between 6.3 and 7.0 percent this year but only under a “strong reform”
scenario. That us the sting in the tail. There is unlikely to be a “strong
reform” scenario. Simply put, with less than two years in office, the
incentive for President Arroyo to take bold measures is simply not there.
As a result the IMF is actually expecting growth of around 5.8 percent this
year. The London-based Economist Intelligence Unit is opting for 5.4 percent as
the most likely outcome. Private bank analysts position themselves around 5.5
percent although some fear it could drop back below 4 percent. The government
has said it is revisiting the numbers but has not come up with any new forecast
at this time.
Bottom line is that despite present business optimism times are getting more
tough and this is impacting on Juan dela Cruz (or “John Smith” in English
Rising inflation on the back of higher food prices is a cause for real concern.
The inflation rate in the Philippines has accelerated to its fastest level in 20
months at 6.4 percent, driven both by high food prices as well as petroleum
products. It was the fastest year-on-year inflation rate recorded since July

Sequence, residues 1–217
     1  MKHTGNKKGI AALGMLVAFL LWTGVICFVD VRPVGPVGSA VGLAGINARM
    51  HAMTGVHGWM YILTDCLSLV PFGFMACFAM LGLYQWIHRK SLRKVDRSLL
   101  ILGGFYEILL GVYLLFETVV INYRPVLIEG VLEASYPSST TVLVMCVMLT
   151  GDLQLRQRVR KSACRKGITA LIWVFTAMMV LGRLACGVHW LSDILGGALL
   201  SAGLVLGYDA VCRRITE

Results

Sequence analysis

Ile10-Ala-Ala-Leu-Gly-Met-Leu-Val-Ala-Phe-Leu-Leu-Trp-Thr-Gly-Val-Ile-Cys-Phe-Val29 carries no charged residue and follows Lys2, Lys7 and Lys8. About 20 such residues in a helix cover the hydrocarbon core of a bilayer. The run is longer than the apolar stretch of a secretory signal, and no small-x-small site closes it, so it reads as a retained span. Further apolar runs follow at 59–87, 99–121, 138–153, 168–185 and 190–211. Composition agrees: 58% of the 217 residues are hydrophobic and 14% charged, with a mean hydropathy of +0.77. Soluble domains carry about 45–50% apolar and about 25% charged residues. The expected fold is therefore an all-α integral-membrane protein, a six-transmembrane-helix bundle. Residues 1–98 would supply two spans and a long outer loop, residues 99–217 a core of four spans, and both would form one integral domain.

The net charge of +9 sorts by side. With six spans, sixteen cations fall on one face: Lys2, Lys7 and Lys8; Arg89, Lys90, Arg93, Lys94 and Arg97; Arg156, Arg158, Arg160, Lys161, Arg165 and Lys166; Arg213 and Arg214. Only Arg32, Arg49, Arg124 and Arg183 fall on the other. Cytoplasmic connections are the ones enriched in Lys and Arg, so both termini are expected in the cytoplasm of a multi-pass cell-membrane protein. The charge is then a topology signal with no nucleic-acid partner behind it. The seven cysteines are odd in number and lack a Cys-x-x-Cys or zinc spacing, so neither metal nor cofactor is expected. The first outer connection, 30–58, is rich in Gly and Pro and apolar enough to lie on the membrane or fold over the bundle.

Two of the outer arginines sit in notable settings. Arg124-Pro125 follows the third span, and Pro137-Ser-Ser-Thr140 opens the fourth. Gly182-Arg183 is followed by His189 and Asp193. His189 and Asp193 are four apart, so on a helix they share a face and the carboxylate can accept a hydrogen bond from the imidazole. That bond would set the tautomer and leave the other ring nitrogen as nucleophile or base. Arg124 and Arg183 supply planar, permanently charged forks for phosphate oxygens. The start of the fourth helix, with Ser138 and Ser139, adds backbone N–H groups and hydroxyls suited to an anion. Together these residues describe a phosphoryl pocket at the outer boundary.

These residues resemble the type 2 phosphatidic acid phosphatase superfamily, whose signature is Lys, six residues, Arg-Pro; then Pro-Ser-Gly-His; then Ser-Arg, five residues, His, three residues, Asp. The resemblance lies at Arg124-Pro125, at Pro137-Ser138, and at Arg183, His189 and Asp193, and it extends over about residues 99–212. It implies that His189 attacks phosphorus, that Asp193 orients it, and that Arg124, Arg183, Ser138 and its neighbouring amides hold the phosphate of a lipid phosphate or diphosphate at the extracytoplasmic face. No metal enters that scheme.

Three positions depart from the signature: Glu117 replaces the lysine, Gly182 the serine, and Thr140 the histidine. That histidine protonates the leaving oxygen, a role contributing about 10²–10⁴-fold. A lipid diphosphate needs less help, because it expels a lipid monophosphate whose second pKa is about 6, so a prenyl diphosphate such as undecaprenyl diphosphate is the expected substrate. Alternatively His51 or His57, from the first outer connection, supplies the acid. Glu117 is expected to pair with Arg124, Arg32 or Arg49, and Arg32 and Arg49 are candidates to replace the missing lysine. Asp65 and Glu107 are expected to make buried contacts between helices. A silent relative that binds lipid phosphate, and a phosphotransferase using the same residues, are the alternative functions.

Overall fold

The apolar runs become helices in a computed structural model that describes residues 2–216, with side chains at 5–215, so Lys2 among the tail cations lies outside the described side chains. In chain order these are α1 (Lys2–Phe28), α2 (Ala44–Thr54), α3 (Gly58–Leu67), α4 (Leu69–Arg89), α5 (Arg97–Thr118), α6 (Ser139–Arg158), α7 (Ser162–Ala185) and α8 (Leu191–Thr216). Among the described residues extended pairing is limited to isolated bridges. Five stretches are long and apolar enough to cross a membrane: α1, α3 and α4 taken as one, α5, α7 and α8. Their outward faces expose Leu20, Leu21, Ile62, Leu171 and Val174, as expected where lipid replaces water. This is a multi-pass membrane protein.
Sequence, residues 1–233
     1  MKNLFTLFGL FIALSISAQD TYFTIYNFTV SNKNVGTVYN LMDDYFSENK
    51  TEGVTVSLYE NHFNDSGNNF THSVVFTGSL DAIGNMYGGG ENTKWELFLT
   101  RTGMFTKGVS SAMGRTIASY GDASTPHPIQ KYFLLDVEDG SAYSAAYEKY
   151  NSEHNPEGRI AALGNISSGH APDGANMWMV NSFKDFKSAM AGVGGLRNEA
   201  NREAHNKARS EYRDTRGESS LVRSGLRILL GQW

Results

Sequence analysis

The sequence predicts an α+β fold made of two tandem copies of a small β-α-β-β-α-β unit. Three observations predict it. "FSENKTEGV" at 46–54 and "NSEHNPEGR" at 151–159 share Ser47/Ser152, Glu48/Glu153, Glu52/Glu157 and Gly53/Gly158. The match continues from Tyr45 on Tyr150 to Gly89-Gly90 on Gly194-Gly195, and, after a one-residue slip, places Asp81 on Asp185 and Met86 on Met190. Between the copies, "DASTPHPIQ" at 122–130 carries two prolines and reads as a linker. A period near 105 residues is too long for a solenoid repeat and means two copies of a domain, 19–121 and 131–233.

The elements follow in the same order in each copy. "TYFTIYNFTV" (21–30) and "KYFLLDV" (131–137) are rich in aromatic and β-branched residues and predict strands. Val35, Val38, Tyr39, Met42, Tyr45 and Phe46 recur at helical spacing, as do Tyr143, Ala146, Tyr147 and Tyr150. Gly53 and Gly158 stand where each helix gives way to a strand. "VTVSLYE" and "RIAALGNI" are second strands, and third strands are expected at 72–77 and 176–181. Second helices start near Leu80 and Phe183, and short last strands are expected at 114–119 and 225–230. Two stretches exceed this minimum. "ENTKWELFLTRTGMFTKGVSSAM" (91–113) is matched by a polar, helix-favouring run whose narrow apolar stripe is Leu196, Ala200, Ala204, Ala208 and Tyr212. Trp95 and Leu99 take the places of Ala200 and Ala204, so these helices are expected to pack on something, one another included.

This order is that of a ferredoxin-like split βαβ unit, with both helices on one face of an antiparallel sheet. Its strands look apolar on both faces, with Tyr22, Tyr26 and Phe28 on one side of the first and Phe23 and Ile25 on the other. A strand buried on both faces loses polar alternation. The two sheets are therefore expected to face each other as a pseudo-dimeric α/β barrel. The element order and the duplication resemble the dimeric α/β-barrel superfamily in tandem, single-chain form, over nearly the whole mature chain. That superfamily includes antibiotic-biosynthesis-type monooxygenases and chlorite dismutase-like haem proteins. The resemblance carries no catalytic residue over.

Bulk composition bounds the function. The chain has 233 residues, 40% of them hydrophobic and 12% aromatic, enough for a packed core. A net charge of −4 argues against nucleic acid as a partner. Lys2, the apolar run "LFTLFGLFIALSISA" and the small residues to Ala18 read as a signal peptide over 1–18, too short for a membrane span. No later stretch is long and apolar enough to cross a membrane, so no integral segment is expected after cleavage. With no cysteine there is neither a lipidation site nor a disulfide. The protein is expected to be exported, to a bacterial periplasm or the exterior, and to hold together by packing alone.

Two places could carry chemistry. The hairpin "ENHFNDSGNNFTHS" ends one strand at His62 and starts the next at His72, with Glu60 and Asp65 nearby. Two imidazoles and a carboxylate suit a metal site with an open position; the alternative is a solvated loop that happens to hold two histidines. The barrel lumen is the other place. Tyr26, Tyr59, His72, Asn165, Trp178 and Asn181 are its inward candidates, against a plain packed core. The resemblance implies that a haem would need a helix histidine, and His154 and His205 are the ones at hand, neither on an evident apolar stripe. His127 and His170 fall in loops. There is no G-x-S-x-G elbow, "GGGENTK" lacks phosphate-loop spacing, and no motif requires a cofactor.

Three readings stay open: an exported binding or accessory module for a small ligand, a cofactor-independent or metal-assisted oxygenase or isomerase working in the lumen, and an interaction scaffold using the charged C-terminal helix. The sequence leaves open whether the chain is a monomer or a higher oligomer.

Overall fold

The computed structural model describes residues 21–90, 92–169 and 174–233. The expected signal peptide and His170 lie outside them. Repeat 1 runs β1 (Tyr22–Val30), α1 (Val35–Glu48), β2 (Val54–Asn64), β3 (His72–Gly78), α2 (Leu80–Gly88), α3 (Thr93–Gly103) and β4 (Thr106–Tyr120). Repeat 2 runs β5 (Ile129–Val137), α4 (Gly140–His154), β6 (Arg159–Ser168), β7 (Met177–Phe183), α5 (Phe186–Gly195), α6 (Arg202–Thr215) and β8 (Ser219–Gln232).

2006 when prices rose at the same level. Inflationary pressures are likely to
grow in coming months because of higher food and energy prices and the flow-on
effects of new wage and transport claims.
Food and energy are issues of public concern now
Rising food and energy costs are prime drivers of inflation globally at the
moment. The benign inflation environment of recent years is believed to have
come about as a direct consequence of globalization and the transfer of much of
the world’s manufacturing resources to countries such as China, India, Russia
and the former Eastern bloc. But wage rates in these countries are now
increasing rapidly and the goods they manufacture for the world market are
becoming more expensive adding to the squeeze on consumers and nowhere is this
more pronounced than among the poorer sections of society. Globalization as a
factor in ensuring a low-inflation growth climate may now be a thing of the
Many countries, China and the Philippines included are raising workers base
salaries to mitigate the effects of inflation but this itself is inflationary